a-3-lift-30-apr-09-033(NAVSTA Rota)  30 April 2009 – an EA-3B Skywarrior is loaded aboard USS Wasp (LHD 1) for transport back to the U.S.  This marks the first time in over twenty-years a Whale is chocked and chained to the flightdeck of a USN warship.  How it got to that point is an extraordinary story of one community’s dedication, passion and memory of those who once flew an ancient aircraft in difficult conditions on missions the importance of which few at the time, and even today, did not understand.

The latest journey of Ranger 07 (ex-BuNo 146457) began in July 2007 with notification from the then-CO of NAVSTA Rota to the A-3 Skywarrior Association’s president that becuase of long-term plans for the installation, that the EA-3 presently located on display outside the Rota BOQ would need to be relocated to the US or end up being scrapped.  The Association mounted a “Save the Whale” campaign and through the efforts and contributions of indivuals and corportations, Ranger 07 began it’s halting redeployment to the US and (hopefully) final home as part of the USS Alabama Memorial Park.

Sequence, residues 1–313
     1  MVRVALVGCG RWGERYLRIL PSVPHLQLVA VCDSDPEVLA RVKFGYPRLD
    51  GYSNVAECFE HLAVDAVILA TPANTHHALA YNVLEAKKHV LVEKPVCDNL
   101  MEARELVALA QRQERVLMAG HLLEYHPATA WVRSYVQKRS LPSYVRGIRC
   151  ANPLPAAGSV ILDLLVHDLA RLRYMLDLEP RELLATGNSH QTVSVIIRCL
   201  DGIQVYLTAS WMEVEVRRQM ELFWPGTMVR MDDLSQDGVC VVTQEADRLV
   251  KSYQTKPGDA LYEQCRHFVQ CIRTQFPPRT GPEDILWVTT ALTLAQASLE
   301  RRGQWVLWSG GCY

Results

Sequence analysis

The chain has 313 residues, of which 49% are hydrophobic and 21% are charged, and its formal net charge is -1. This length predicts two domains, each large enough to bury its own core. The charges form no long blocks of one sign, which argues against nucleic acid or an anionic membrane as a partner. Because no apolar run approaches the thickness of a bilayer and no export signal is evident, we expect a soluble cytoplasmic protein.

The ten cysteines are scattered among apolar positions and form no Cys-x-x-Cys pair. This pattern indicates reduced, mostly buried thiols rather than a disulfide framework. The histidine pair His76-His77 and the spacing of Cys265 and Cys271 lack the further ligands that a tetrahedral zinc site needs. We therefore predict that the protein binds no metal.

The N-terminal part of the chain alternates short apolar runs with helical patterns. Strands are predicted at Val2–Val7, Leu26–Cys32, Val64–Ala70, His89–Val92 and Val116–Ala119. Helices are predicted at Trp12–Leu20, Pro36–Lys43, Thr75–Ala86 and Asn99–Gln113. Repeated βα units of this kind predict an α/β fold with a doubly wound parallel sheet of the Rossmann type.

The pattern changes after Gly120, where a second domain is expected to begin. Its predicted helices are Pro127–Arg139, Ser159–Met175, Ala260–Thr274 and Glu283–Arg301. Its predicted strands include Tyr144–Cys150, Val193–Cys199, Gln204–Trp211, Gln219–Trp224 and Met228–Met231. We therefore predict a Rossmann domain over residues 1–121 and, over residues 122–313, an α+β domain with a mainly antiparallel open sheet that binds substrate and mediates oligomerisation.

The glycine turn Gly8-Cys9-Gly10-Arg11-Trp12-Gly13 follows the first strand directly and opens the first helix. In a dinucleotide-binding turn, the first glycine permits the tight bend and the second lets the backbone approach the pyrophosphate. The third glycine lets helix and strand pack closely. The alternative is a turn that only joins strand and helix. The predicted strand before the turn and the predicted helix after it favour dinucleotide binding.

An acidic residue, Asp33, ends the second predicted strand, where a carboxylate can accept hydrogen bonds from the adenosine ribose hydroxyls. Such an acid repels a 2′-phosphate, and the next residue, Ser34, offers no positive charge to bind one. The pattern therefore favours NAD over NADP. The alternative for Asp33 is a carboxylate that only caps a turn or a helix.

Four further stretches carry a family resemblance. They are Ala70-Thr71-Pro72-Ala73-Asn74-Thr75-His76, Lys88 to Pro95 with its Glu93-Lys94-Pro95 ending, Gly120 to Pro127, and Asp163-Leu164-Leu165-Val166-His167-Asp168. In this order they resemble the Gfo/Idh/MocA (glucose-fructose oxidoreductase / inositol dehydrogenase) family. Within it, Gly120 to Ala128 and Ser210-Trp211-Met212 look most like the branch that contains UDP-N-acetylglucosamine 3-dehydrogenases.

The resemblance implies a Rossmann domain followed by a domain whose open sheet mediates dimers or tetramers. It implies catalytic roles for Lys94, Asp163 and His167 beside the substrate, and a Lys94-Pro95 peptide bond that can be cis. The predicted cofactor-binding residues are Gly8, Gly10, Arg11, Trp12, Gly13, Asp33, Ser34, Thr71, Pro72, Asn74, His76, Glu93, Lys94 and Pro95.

Say what you will about Americans in general and those associated with naval aviation in particular, but we do tend toward sentimentality.  How else would one explain the outpouring of money and volunteer time from people half a world away to bring an aircraft that hasn’t flown in almost twenty years from its foreign perch to the US?  Indivduals, some on limited incomes, who gave from a few dollars to several thousand – over $18,000 in individual contributions by the start of this month.  People who both flew the aircraft or worked on it and others whose sole link was a brother, son or husband who went away for months at a time on dets they could neither write or talk about.  Others actually made the trip overseas to work on the aircraft to prepare it for shipping, working mechanisms that hadn’t been exercised in nearly a couple of decades – all on their dime, their time.  And some corporate help has also been forthcoming, notably from Raytheon, the current and last operator of the Whale (it is a terrific avionics test bed) which has contributed needed parts.

And what of Ranger 07 itself?  It has had a long and illustrious carrier, beginning with VQ-1 in Guam in the early 1960s: